Urticaria

The first, most important investigation is to take a detailed history, says Dr Harry Brown.

Urticaria presents as weals with erythema (Photograph: SPL)
Urticaria presents as weals with erythema (Photograph: SPL)

Patients may be more familiar with the terms nettle rash or hives when talking about urticaria. This itchy rash results in skin oedema - the weal - often with erythema.

Weals are created by cells releasing histamine; however, other mediators, such as prostaglandins, are also released; this may in part explain why antihistamines do not always work in the management of urticaria.

The rash can change rapidly, sometimes daily, and may have resolved by the time the patient presents at the surgery. Acute urticaria is defined as lasting less than six weeks; after this it is termed chronic.

Angioedema and urticaria share the same causative factors but the pathological process lies deeper in the skin in the case of angioedema, which is associated with swelling as a prominent presentation.

1. Aetiology and pathogenesis
A number of causal factors can be implicated in urticaria, such as food, medication (such as ACE inhibitors and NSAIDs) and infection. The diversity of potential causes makes detailed clinical investigations difficult and these may not be indicated in an acute episode.

The pathogenesis is complex and involves degranulation of mast cells, with release of histamine, leukotrienes and other products. Vascular permeability alters, allowing fluid to seep into adjacent tissues. Autoimmune factors, complement and bradykinins may also be involved.

Urticaria is common, with a significant proportion of the population having an episode at some point in their life; however, many episodes are brief.

2. Clinical features
Urticarial weals can appear over a period of just a few minutes. Individual lesions may only persist for several hours, but can reappear in other sites and vary in size and shape. Lesions do not scale, but blanch on pressure and are often raised and red, and can be very itchy.

When the skin oedema affects the dermal layer or deeper, it is known as angioedema. This can affect the face and hands, but is normally not associated with pruritus in the same way as urticaria.

However, angioedema can affect the airway and compromise its patency; though serious and potentially life-threatening, this is rare. Both urticaria and angioedema can affect any skin surface, either in combination or separately.

Sometimes urticaria is induced by a specific physical cause, for example direct pressure, cold or heat and sunlight (solar urticaria), or contact with chemicals or water (aquagenic urticaria).

Dermatographism can be caused when the skin comes into contact with a firm stimulus that is dragged across its surface. The weal appears shortly after the stimulus is applied and can appear as a line of urticaria following the direction of the pressure. It is not uncommon and the pressure does not have to be that intense to produce the effect.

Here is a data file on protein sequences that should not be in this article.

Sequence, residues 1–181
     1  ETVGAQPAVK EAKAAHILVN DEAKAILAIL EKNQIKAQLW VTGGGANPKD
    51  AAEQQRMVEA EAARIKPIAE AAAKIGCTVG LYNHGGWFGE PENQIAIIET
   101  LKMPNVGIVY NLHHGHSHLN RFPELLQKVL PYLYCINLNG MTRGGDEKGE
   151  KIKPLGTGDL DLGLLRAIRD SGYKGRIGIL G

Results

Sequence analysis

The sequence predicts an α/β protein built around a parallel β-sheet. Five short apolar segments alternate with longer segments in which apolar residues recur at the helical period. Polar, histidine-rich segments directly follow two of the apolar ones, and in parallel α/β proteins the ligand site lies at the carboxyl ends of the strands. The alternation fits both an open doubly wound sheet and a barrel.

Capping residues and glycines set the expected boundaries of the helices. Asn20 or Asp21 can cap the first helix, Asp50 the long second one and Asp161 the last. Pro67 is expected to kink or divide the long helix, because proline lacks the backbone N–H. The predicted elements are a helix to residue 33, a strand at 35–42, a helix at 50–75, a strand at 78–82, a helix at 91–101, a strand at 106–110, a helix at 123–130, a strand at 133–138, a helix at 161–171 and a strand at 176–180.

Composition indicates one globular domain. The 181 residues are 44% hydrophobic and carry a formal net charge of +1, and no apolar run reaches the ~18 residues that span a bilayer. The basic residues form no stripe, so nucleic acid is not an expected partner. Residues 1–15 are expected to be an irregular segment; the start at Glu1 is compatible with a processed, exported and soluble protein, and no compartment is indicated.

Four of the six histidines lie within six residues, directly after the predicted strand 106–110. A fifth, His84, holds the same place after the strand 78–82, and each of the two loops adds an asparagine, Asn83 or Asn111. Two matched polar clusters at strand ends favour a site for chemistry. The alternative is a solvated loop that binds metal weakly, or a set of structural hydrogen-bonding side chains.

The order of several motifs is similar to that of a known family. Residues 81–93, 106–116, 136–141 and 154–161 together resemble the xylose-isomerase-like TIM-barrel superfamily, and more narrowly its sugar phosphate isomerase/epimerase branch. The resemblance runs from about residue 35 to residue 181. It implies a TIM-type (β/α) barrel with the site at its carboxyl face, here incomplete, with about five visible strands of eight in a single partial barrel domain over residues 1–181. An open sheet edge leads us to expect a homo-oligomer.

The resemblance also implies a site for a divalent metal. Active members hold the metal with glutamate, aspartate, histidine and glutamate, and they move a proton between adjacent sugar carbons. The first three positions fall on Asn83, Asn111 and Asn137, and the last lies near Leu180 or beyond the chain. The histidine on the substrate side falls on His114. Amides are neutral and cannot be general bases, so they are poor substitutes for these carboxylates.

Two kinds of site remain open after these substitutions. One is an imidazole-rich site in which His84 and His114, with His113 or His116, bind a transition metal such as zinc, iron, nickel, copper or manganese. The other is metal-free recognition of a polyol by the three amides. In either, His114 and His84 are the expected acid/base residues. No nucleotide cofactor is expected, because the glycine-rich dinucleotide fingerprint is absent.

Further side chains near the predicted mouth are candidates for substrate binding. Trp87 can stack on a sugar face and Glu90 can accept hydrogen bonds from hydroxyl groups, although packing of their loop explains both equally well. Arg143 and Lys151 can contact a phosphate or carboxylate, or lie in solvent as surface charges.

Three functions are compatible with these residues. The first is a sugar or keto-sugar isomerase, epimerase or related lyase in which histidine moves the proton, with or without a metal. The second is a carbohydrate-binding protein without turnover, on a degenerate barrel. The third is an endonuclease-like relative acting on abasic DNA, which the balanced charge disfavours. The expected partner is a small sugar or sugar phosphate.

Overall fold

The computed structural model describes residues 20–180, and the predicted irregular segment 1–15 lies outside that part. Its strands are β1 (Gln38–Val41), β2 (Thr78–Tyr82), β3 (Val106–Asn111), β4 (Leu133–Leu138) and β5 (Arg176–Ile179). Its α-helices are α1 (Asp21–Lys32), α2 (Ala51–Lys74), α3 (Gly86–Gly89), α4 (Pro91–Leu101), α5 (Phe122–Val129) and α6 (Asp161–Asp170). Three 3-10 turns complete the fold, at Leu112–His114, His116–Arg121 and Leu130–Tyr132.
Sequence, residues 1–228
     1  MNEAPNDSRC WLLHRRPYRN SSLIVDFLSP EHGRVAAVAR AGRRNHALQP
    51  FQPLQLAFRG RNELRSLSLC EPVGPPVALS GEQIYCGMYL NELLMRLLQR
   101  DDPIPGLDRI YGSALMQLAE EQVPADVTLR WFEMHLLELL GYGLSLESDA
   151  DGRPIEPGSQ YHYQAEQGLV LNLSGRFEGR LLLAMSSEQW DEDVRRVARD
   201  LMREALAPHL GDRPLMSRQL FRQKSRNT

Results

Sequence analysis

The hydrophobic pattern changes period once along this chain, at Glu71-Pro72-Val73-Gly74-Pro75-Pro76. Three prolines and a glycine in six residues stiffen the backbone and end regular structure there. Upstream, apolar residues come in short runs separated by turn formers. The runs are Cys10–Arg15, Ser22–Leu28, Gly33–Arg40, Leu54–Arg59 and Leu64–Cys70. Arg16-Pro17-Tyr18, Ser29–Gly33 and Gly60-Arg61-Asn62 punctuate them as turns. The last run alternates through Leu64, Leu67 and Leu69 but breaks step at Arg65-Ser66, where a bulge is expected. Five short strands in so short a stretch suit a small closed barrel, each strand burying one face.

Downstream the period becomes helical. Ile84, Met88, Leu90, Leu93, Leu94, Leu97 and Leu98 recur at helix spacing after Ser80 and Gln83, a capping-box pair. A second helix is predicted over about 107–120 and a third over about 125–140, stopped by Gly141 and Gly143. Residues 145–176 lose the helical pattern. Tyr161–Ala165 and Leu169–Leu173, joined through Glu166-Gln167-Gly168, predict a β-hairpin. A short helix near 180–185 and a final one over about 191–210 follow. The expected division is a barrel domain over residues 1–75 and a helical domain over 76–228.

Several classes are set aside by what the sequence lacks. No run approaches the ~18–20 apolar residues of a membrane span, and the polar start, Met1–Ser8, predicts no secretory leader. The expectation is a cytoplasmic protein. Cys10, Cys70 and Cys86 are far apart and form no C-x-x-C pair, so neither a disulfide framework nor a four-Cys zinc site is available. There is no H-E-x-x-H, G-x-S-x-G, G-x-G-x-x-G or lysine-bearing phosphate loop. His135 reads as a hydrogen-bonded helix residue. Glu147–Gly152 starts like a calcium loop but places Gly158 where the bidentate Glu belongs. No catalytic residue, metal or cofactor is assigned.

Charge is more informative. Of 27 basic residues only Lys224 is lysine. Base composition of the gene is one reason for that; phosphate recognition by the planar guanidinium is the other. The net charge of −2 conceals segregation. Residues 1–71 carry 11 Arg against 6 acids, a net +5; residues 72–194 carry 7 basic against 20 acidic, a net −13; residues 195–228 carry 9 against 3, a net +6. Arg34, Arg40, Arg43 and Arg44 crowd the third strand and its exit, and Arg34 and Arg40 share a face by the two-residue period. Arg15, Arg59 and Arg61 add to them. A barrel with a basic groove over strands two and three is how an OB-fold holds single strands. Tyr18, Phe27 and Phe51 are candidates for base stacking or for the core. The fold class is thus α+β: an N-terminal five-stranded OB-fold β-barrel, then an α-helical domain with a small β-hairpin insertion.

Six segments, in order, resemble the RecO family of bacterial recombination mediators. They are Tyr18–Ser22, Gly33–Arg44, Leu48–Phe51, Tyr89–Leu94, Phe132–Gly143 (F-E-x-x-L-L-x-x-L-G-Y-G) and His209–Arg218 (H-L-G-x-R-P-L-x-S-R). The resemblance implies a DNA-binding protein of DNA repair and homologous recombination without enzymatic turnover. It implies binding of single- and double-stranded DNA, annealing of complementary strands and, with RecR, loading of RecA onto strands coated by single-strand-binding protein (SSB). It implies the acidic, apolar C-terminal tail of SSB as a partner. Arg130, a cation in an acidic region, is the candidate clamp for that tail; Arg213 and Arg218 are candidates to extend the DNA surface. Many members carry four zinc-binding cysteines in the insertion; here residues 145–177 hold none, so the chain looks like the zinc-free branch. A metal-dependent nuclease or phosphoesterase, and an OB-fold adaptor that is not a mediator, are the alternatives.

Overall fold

Cholinergic urticaria tends to affect younger people. Affected areas are much smaller and can be associated with raised body temperature produced by fever or exercise. The lesions can be itchy.

Because of the short-lived nature of urticarial lesions, marking their edges with a pen may help when following up the patient over the next day or so.

3. Investigations
The first, most important investigation is to take a good, detailed history. Considering the diverse causes of urticaria, this may take time and sometimes the patient will have no rash to demonstrate, although they may have taken photographs of active lesions on their mobile phone; it may be worth asking them to do this if they have not already done so.

If the history is suggestive of a physical cause, this may be reproduced during a physical examination. However, this should be done sensitively and sensibly.

Many people with chronic urticaria will have no obvious abnormality.

Routine baseline investigations, such as basic haematology and biochemistry, are not indicated at the outset, when the diagnosis may be made clinically, unless there is something significant in the history. However, these investigations may be required if the condition becomes chronic and intrusive for the patient.

Key points
  • Urticaria is common and can be acute (less than 6 weeks or chronic >6 weeks).
  • Causes include food, medication, infections and physical causes (for example, contact with water).
  • An urticarial rash can change rapidly, some lesions resolving within hours.
  • Taking a good, detailed history is vital.
  • Provide patients with a full explanation of their condition.
  • Not all cases will require treatment, but ice packs and antihistamines may provide symptomatic relief.
  • Consider referral if the urticaria becomes chronic.

4. Treatment
If patients seek medical advice for urticaria they should receive a full explanation and description of the problem. Reassurance may be all that is required.

Obviously any underlying cause should be treated if appropriate or possible, but not all cases need treatment and low-grade episodes may be left to settle by themselves.

Short-term symptomatic relief may be obtained by applying an ice pack to the affected area for a short period.

If pharmacological intervention is required, an antihistamine (H1 blocker) can be used.

The sedating type may be useful taken at night in order to help improve sleep, if required.

An H2 blocker (for example, cimetidine) can be added to the H1 blocker, but this combination is not often successful. Occasionally systemic steroids may be used for their potent anti-inflammatory properties; however, ongoing use is limited by significant side- effects.

If basic measures do not control the condition or the urticaria becomes chronic, consider referral to a dermatology unit.

  • Dr Brown in a GP in Leeds

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